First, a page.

This was sometime after Christmas but before the New Year, I remember waking up one morning (11 a.m. is still technically morning, no?) to see my computer still powered on, playing Mac Miller’s Swimming on repeat, and my phone nowhere in the vicinity. I was so out of it that day that I actually typed in ‘where is my phone’ into Google. To my surprise, Google actually have an answer for that and showed me that my phone is somewhere inside my building, which didn’t actually help matters.
My moment of transgression aside, that episode perfectly crystallizes just how sophisticated search engines in general have become. I could pretty much type in any kind of question to Google and 90% of the time, they would have an answer for it. It might not exactly the answer I was looking for but it won’t be for a lack of trying. It’s this increasing sophistication search engines have when dealing with questions that SEO services could take advantage to direct traffic to a specific website.
Optimizing for questions
It used to be that search engines acts more like a pointer, showing you a list of places where you might find the answer to your question but years and years of development have lead to search engines actually showing you the answer to your question. The search engine itself doesn’t actually have the answer, all it does is to present you with the information sourced from the internet that it thinks give you the answer you’re looking for.
For example, if I type in ‘how to put on cufflinks’ to Google, it would directly show me videos from Google-owned YouTube on how to do exactly that. In another example, if I type in ‘who is Alexandria Ocasio-Cortez’, Google would show me a snippet from her Wikipedia page. I could even type in a random question like ‘who is the tallest ATP player’ and Google would have an answer for that and apparently, it’s not John Isner but the Croatian Ivo Karlovic at 2.11 m, also sourced from Wikipedia.
Obviously, when it comes to the more general questions like the ones above, Google is going to scour more credible sources like Wikipedia for an answer but it’s when we’re dealing with niche and more specific questions that your website might have a shot at. Optimizing for questions isn’t exactly easy but given the prominent placement for Google’s Quick Answers, which is situated right at the top of the SERP, it’s definitely worth the effort and to make it easier for you, here are some guidelines to help get you started.
Research the relevant questions for your business
It’s a bit of a no-brainer but if you want to optimize your content for questions, you might want to know what questions you are optimizing for in the first place and luckily, Google could also give you a hand on that as well. To start, type in a question that you think is relevant to your industry. Since this is going to be our starting point, start with a general question first and we’ll work our way down the list.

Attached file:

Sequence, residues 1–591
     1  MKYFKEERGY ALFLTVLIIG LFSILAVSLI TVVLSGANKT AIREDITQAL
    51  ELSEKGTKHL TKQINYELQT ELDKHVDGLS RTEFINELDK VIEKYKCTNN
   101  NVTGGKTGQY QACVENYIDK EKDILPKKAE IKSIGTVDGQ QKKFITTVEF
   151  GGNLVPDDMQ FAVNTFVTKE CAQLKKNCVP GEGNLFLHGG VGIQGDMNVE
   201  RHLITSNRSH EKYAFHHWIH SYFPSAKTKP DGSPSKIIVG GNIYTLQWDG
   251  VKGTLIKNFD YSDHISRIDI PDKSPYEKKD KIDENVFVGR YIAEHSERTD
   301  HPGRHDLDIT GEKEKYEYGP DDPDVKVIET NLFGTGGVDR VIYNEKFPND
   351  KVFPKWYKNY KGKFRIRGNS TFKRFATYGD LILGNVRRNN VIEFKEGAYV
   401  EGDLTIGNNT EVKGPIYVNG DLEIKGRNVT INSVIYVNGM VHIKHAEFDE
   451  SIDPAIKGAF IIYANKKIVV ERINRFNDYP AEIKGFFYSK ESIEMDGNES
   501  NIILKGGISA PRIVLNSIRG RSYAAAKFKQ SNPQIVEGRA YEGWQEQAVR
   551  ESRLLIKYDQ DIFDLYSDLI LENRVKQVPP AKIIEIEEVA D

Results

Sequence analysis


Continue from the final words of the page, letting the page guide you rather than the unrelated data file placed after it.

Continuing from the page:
Okay, once you’ve typed in your starting question on Google, you should see that directly below the answer Google has provided, there’s a box containing related questions labeled ‘People also ask’. The box would originally consist of three or four questions but as you click on those questions one by one, the list would expand to include questions that are related to the ones you’ve clicked. You can use this to expand your repertoire of questions from just one to dozens in just a short amount of time.
Categorizing these questions
Once you’ve collected those questions, the next step is to group those questions into several categories and choose the ones you want to optimize for. To make things simple, we’re going to categorize these questions into basic, how-to and transactional questions. If we’re talking desserts for example, the three questions would be ‘what is a panna cotta’, ‘how to make panna cotta’ and ‘where is the best panna cotta around me’.
Now this is important because depending on what type of business you’re running, one category would be more important to you than others. The basic question would probably apply to every business but if you’re say; running a cooking blog or anything that involved the process of cooking, it’s the how-to questions that might be of greater importance. On the other hand, if you run a food blog or the actual dessert bar, it’s the transactional questions that you’re going to want to keep an eye on.
Adding questions to your content strategy
Now that we’re finished with the preparation, the last step is to actually create content based around those questions depending on the type of question itself. A more generic question for example could be included in a simple Q&A in one of your landing and/or main pages. Basic questions don’t need anything more than a short explanation so you don’t have to dedicate a separate page for it but it’s when we’re dealing with the other types of question that things start to get a little tricky.
How-to contents for example must be answered in detail, preferably with a set of animations and/or videos for the sake of clarity; the website Wikihow or the plethora of how-to videos in YouTube could be used as an example. Transactional contents, those that could push potential customers into giving you their money, should be both appealing and persuasive but it should sound as natural as possible to avoid them from becoming nothing more than a sales pitch.